The Hands-Free Law

Lilia Rosen, Staff Writer

An increase in car accidents due to distracted driving has helped to pass a new hands-free law in order to eliminate the use of cell phones while driving. Under the hands free law, drivers can legally send messages while driving only if their device is hands free. 

State Police Lieutenant Gordon Shank said, “It’s a no brainer, of the states that do have this law, 12 out of the 15 have had a decrease in fatalities.” 

Head of the Shreya R. Dixit Memorial Foundation Vijay Dixit said his daughter, Shreya, died by a distracted driver. The accident has completely changed his perspective on the issue of distracted driving. 

Dixit said, “The driver was reaching out for something. What she was reaching for, we’d never know, and in the process crashed the car. My daughter Shreya, who was in the passenger seat, was sandwiched between a cement block and the weight of the car.”

Wayzata Student Resources Officer Ion Goldenman said, “We can be distracted by a lot of other things other than just a cellphone, even just friends in the car or eating. It’s really amazing what we can be distracted by.”

Today in society, others are constantly reminded about the dangers of distracted driving, but one never expects to be the next victim. Dixit said, “At that time, of course, it was a total shock. You don’t prepare for these things.”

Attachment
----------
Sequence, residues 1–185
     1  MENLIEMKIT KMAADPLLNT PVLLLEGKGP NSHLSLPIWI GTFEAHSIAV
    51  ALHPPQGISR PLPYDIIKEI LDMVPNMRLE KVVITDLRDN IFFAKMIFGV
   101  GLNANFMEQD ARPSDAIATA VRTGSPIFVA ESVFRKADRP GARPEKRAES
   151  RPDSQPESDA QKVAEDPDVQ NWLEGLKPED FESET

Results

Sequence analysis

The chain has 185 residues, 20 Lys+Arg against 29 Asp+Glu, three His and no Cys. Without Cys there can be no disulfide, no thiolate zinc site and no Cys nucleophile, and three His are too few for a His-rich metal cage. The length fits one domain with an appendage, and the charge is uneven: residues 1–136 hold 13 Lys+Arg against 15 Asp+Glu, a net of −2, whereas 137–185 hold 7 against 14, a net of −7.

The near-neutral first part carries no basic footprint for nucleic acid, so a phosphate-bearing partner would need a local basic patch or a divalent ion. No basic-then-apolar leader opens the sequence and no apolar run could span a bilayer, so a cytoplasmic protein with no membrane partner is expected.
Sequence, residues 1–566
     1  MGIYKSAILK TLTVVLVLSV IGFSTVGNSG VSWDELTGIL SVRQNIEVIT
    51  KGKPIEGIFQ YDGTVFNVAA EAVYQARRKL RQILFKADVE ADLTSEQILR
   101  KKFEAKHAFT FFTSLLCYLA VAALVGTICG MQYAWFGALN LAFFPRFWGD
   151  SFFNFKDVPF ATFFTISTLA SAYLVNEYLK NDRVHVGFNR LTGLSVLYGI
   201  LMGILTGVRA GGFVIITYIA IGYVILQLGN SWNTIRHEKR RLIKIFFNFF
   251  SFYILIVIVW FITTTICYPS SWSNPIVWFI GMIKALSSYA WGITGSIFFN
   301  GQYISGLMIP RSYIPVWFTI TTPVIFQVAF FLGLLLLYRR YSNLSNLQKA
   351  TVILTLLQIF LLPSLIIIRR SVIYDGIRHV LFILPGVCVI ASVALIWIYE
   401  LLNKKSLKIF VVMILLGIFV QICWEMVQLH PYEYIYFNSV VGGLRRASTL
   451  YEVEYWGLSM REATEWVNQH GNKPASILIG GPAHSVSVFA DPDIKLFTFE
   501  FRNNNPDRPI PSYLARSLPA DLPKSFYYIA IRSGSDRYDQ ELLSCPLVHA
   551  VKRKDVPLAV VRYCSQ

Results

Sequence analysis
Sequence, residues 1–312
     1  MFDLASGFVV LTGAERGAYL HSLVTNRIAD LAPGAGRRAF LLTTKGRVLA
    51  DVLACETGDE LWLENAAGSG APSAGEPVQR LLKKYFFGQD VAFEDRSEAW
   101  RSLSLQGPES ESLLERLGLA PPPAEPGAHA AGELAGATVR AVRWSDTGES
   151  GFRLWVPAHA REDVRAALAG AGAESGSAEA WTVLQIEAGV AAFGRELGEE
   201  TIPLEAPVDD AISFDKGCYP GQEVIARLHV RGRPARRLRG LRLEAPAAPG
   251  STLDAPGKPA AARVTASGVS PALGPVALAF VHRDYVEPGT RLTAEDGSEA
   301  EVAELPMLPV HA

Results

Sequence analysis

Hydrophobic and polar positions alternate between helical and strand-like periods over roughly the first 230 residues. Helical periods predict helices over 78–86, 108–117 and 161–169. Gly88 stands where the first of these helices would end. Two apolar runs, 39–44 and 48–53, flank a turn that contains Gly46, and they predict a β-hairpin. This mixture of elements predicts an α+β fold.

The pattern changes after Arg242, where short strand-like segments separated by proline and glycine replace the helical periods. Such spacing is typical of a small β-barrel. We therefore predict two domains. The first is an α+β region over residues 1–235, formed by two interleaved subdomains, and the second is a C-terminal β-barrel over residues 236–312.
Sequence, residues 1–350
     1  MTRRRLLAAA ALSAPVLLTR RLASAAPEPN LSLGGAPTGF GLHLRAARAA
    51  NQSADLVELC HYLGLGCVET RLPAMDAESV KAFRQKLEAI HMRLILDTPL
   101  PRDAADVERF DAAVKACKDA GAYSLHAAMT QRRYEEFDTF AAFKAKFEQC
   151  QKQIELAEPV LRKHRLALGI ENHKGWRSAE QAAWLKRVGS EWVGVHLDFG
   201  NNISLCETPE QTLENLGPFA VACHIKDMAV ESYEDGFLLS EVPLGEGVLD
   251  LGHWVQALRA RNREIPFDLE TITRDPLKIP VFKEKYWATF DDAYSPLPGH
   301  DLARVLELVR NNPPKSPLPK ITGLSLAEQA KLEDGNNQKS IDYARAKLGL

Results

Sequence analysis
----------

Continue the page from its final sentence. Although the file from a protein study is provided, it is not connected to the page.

Dixit and his wife decided to start the Shreya Dixit Foundation to educate teenagers on the effects of distracted driving. Dixit, when asked about the importance of educating the community on this issue, said, “That is actually my passion and is what is making me, I use a very strong expression, live. Otherwise, after losing Shreya, there is nothing left in our lives.”

Dixit said, “I would say this is the initial stage but we can’t say that now we have a hands-free bill, turned into law, we are now safe. Hands free is not distraction free.”

Considering kids under the age of 18, Goldenman said, “ The new law doesn’t change things if you’re still under 18, you still can’t make phone calls whether it’s hands-free or not.”

Not everyone abides to this new law. In response to those people, Dixit said, “Yes, it’s your personal liberty to have a cell phone and text, but you do not have the liberty to kill someone. I have the liberty to live. The road does not belong to you, it is a shared space.”

“Don’t think that just because you are a good driver you won’t be impacted. Remember, it does not take too much to kill.”